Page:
Mountaintop Removal Coal Mining (K-12)
Warm-up: Monitoring Your Energy Pre-Assignment – For the Night Before
Send students home with Reproducible #1 - At Home: Monitoring Your Energy Use! Pre-Assignment that will prompt thought about energy usage. In short, the worksheet will:
Ask students to look for all the things in their house that are plugged in
Ask students if all those things need to be plugged in
Ask students to think about other ways their family uses energy
Ask students where they think all that energy comes from
Activity One: The Coal Mine Calamity
1. Play ‘Searching for Coal’
a. Push all desks, chairs, and other furniture to the corners of the room
b. Have students take off their shoes and pile them high in the middle of the room, shaped like a mountain.
c. Somewhere in the middle of the pile, hide ten bandanas of different colors. The shoes symbolize the mountain, four of the bandanas (black) symbolize coal, two (red) symbolize someone in the nearby town getting a respiratory illness, two (blue) symbolize the water supply being contaminated with toxic chemicals, and two (green) symbolize the surrounding farmland being destroyed.
d. Blindfold one student, and tell him/her that s/he is a coal miner. S/he has to find a ‘ribbon of coal’ in the mountain of shoes, while trying not to destroy the mountain in the process. This will be, more or less, impossible.
e. Steer him/her toward the mountain of shoes and let him/her dig through the pile (trying not to wreck it) until s/he pulls out a bandana.
f. Discuss what the student found (it might not be coal).
g. Americans don’t stop needing energy! Blindfold a new student and have them ‘dig for coal.’
h. For different options that don’t involve dirty shoes, see Appendix - Alternatives to Using Shoes.
2. Discuss the effects of coal mining:
a. What did the ‘mountain’ look like at the end of the activity?
b. Even though the miners were cautious, the pile was still destroyed. Given that most states have few mining laws, what would the mountain look like if the miners had not been cautious?
c. What if there was a nearby town or river next to the mountain? What would happen to these sites after the mountain was destroyed?
3. Discuss and/or calculate the amount of coal used in the U.S. each year (Note: Section ‘b’ below contains more advanced concepts to be done in place of or as an extension to the discussions in Section ‘a’, or it can be skipped entirely depending on the students’ abilities and the timeframe of the class).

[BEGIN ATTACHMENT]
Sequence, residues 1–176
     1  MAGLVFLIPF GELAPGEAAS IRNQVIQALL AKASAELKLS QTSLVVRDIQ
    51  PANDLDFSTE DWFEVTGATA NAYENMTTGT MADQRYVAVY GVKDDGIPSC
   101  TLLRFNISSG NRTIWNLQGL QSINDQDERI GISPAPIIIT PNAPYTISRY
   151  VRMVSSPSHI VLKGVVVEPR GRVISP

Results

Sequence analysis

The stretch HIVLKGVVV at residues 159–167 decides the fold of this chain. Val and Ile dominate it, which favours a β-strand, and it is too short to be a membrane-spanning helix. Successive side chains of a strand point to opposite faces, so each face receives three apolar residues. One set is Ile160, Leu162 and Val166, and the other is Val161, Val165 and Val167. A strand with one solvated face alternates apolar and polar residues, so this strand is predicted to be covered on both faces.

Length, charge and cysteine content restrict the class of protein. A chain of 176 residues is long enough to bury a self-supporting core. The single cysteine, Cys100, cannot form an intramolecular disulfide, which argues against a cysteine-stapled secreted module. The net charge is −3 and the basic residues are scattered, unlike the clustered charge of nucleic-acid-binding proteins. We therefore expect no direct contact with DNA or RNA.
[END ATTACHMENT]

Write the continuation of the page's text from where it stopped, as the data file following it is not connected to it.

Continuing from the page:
a. Discuss how nearly half of the energy used in every American household comes from coal.
i. On average, each American household uses almost 1,800 pounds of coal per year. Pass around an object that weighs about 1 pound, and talk about how much 1,800 pounds would be.
ii. Next, talk about the number of people in each American household (average of 2.61). If two or three people live in each house, think how many pounds of coal are being used by just one person per year (about 688 pounds). How old are your students? How many years have they been using that much energy?
iii. Also, have students ponder the difference between individual energy usage and household energy usage. For example, it uses the same amount of energy to heat a house whether one person lives there or eight. Also, think about the energy used by individuals outside of the home (ex. transportation, offices and factories, production of materials, etc.)
iv. Extend these concepts by having each student think of his/her neighborhood, subdivision, town or city, and then imagine how many houses and people there are in neighborhoods, towns and cities all around the United States. That’s a lot of households and people using a lot of coal!
b. Have students calculate the raw numbers and compare their results with the following statistics:
i. The average American household consumes 11,000 kilowatt-hours of energy per year. If 49% of that is from coal, how many kilowatt-hours of coal does each household use per year? (Answer: 5,390 kilowatt-hours per household per year)
ii. If a pound of coal produces around 3 kilowatt hours of energy , how many pounds of coal does the average household use in a year? (Answer: 1,796.777, or approximately 1,797 pounds of coal per household per year from coal)
iii. There are 2.61 people on average in each U.S. household - how many kilowatt hours of coal does each person burn through? (Answer: 2065.134, or approximately 2,065 kilowatt hours of coal per person)
iv. If a pound of coal produces around 3 kilowatt hours of energy , how many pounds of coal does the average person use in a year? (Answer: 688.378, or approximately 688 pounds of coal per person)
v. If each kilowatt-hour of coal used produces 1.9 pounds of carbon emissions. How many pounds of CO2 does your coal addiction release each year? (Answer: 3,923.7546, or approximately 3,924 pounds of CO2 per person per year)
vi. There are 301,139,947 people in the U.S. How many tons of coal does the U.S. need to provide energy for these houses in one year? (Answer: 207,298,114,436 pounds of coal, or 103,649,057.218 tons – there are 2,000 pounds in 1 ton – and 39,712,282.459 tons per household). Remember, this doesn’t include factories or office buildings!
vii. Have students discuss why energy usage statistics can vary widely depending on how they are calculated. For example, calculating by household does not account for energy used outside the home, or for the number of individuals per household. Similarly, calculations per individual usually do not account for energy used in communal spaces or infrastructure.
c. Relate the concepts discussed above to the consequences for the earth.
i. In total, the U.S. uses 2,257,600,000,000 lbs of coal per year - that’s 1,128.800 million tons.
ii. Present a picture of Kayford Mountain after being mined for coal (see Reproducible #2 - Kayford Mountain Photo). It is estimated to contain 52 million tons of coal. How many mountains do we need to destroy every year to keep up with how much energy the U.S. needs? (Answer: 21.708, or the equivalent of about 22 Kayford Mountains need to be destroyed to meet U.S. coal needs each year)
iii. Imagine if one of these 22 mountains were near your home!